asylum for vessels.
The depth of water in the harbor, varies from 3 to
1, 5, 6, 7 and 8 fathoms, ships generally anchoring
in from five to six fathoms, and the bottom being
composed chiefly of mud and sand, and being free
from sunken rocks, sand bars, or any similar obstruc
tion, it gives a most excellent holding ground for
The harbor, as it is at the present time, is capable
of holding with safety upwards of one hundred and
outlay of capital, as a matter of course, to erect
piers, docks, and other improvements, how much
larger a number it would accommodate, is impossible
to say ; but, being accessible at all times to ships of
the largest class, it derives from, nature all the ad
vantages and peculiar facilities favorable for a great
The course, on entering the harbor of Waiakea, is on
the western shore of the channel. The narrowest navi
gable part between the shore and the reef is upwards
of 500 fathoms. Were it not for fear of vitiat
ing insurances, the services of a pilot would seldom
be required by ships possessing " Wilkes' " chart of
the harbor. Still, as the winds at times are baffling,
it is always safer to take a pilot, of which there are
two regularly commissioned, ever ready and on the
alert to offer their services when a vessel comes in
sight. The charge of pilotage, as at the port of Hono
lulu, is calculated according to the vessel's draft of
water, namely, one dollar per foot, inward. and out
ward. As the trade winds prevail here, it would as a gen
eral rule be advisable for ships upon approaching the
port to keep well to the eastward, letting the harbor
bear about S. W.
It may perhaps be well to state here a fact prob
ably not generally known, that never has a ship been
wrecked in this harbor, nor on the immediate coast.
The number of whale ships annually visiting this
port, independent of merchant vessels, &c, taking
the last five years as an average, has been sixty-five.
As inducements, for whale ships especially, to visit
this port, it would not be amiss to state that very
rarely does the ship master experience difficulty or
trouble with his crew, which fact can be attributed to
no other cause than that of the impossibility of the
men obtaining anything in the shape of intoxicating
liquors, for the sale of which happily, no license has
been granted on this island ; and so stringent is the
law, that the victualling houses are strictly prohibited
from even making beer, or giving it to their boarders.
Seldom either docs a ship lose any of its crew from
desertion, so efficient are the means of retaking them,
that slight indeed is tli3 chance of escape.
In enumerating tshat ships can obtain : in the first
place, an abundant supply of good fresh water can be
had all the year round from the numerous streams
and rivulets which empty themselves into the bay ;
a supply of recruits, such as sweet potatoes, squashes,
bananas, cabbages, oranges (when in season,) fire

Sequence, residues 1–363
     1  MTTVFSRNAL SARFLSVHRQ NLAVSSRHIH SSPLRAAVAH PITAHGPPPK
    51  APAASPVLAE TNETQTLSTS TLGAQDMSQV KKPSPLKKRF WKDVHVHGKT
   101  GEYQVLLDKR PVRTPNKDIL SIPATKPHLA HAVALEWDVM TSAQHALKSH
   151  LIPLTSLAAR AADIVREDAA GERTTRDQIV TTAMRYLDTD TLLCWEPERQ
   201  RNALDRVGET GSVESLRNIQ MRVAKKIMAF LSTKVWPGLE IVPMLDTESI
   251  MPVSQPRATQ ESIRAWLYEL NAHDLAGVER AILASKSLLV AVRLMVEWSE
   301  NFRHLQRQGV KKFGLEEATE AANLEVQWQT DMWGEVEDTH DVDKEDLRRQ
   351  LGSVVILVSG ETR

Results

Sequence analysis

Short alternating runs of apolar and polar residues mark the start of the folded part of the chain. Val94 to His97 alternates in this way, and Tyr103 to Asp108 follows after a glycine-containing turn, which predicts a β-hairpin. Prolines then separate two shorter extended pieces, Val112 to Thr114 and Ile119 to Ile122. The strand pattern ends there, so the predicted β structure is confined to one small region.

wood, beef and pork, and poultry can always be ob
tained, and IrLsh potatoes, although not grown in the
neighborhood are procured in readiness for the whaling
fleet at the fall and spring of the year. Bread, flour,
salt provisions, ship chandlery and groceries, and in
fact everything in the way of a ship's requirements
can now be procured from the several stores in the
With regard to the temperature of Hilo, it is re
markable for its equality ; and though at certain sea
sons of the year humid" the climate may be, and is
considered salubrious and temperate. A supply of
Umber being an indispensable for the success of a
commercial place, is an article in which Hilo is by no
means lacking, as the woods extend far back into the
mountains and reach to within two or three miles of
the sea coast, contain an almost inexhaustible supply,
a great deal of which, (the ohia for instance,) for
durability in a great measure resembles the oak, and
is for many purposes admirably adapted for ship use,
for anchor stocks, &c, and the cost of which, as com
pared with the sama at other ports, is very reasona
ble. - '';- -: -''' v
Su ch are. some of the prominent features 'of TIHo.
The trade, or agricultural pursuits that are carried
on for export, are too trifling at present to deserve
much notice ; but as this article is intended to give
some truthful account, however imperfect, of the
different enterprises of which Hilo can boost, we may
be excused for submitting a few statements with
respect to the commerce carried on by its residents.
The principle articles of export are coffee, arrow
root, pulu, goat-skins, hides, sugar, molasses and
syrup, (the production of the three latter named
commodities having considerably varied of late years)
but all of which might be very extensively, and we
have no doubt, profitably raised, were the communi
cations with the interior of the country more accessi
ble, where there are thousands and thousands of
acres, having a soil of extraordinary fertility at